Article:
Too often in government, major scandals go away when the individual bearing the most responsibility for them loses their job …

Don’t get us wrong: We love to see corrupt or incompetent bureaucrats get canned, but too often the next bureaucrat in line is just as bad as the one they replaced.

Which means nothing changes …

Take the ongoing scandals at the S.C. Department of Social Service (SCDSS) – which resulted in the resignation of embattled director Lillian Koller last month.  For those of you keeping score at home, Koller is the fourth appointee of S.C. Gov. Nikki Haley to step down amid scandal.  Previously, Haley was forced to accept the resignations of Abraham Turner at the S.C. Department of Workforce, Jim Etter at the S.C. Department of Revenue and Robert St. Onge of the S.C. Department of Transportation.

Anyway … as we exclusively reported earlier this month, Koller’s departure hasn’t changed the climate at SCDSS one iota.  According to our sources, the new leadership at the agency has been spending its time attempting to cover up its many scandals – as opposed to fixing them.

Specifically, the agency is reportedly scouring the social media pages of state lawmakers in an effort to determine which agency employees are blowing the whistle on the mismanaged bureaucracy.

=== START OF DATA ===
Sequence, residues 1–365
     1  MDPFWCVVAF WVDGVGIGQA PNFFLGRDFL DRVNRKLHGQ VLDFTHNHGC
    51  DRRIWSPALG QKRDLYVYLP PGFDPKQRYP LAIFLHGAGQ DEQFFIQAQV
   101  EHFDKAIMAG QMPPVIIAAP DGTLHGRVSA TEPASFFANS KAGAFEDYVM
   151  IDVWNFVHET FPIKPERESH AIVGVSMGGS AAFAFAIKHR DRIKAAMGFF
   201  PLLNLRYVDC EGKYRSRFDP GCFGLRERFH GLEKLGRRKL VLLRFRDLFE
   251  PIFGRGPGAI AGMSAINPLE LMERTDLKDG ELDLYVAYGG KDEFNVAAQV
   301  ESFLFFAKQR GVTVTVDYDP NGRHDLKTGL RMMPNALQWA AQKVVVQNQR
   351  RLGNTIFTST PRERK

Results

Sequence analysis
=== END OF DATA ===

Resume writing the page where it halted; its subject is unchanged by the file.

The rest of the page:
SCDSS has been an unmitigated disaster since Haley took office – most notably as it relates to several cases involving the tragic and completely preventable deaths of children who were repeatedly placed in abusive homes.

Beyond that, there’s SCDSS’ ongoing failure with regard to the state’s child support enforcement database – or its total lack of follow-through regarding a food stamp waiver touted by Haley in her so-called “war on fat.” There are also questionable consultant payments and allegations of cooked books at its “welfare to work” program (as well as its food stamp system).

(For a recent report detailing one of these scams, CLICK HERE).

Sources tell FITS a long-awaited Legislative Audit Council (LAC) report regarding SCDSS will be released “sometime in August,” and that the report is “damning.”  That audit was requested by S.C. Rep. Jenny Horne, who has been all over the scandals at this agency from day one.

Like us …

Meanwhile hearings are ongoing in Columbia, S.C. as several State Senators – most notably Katrina Shealy – are keeping the heat on the agency in the wake of Koller’s departure.  Shealy – a longtime ally of the governor – nonetheless went head-to-head with Haley in calling for Koller’s resignation.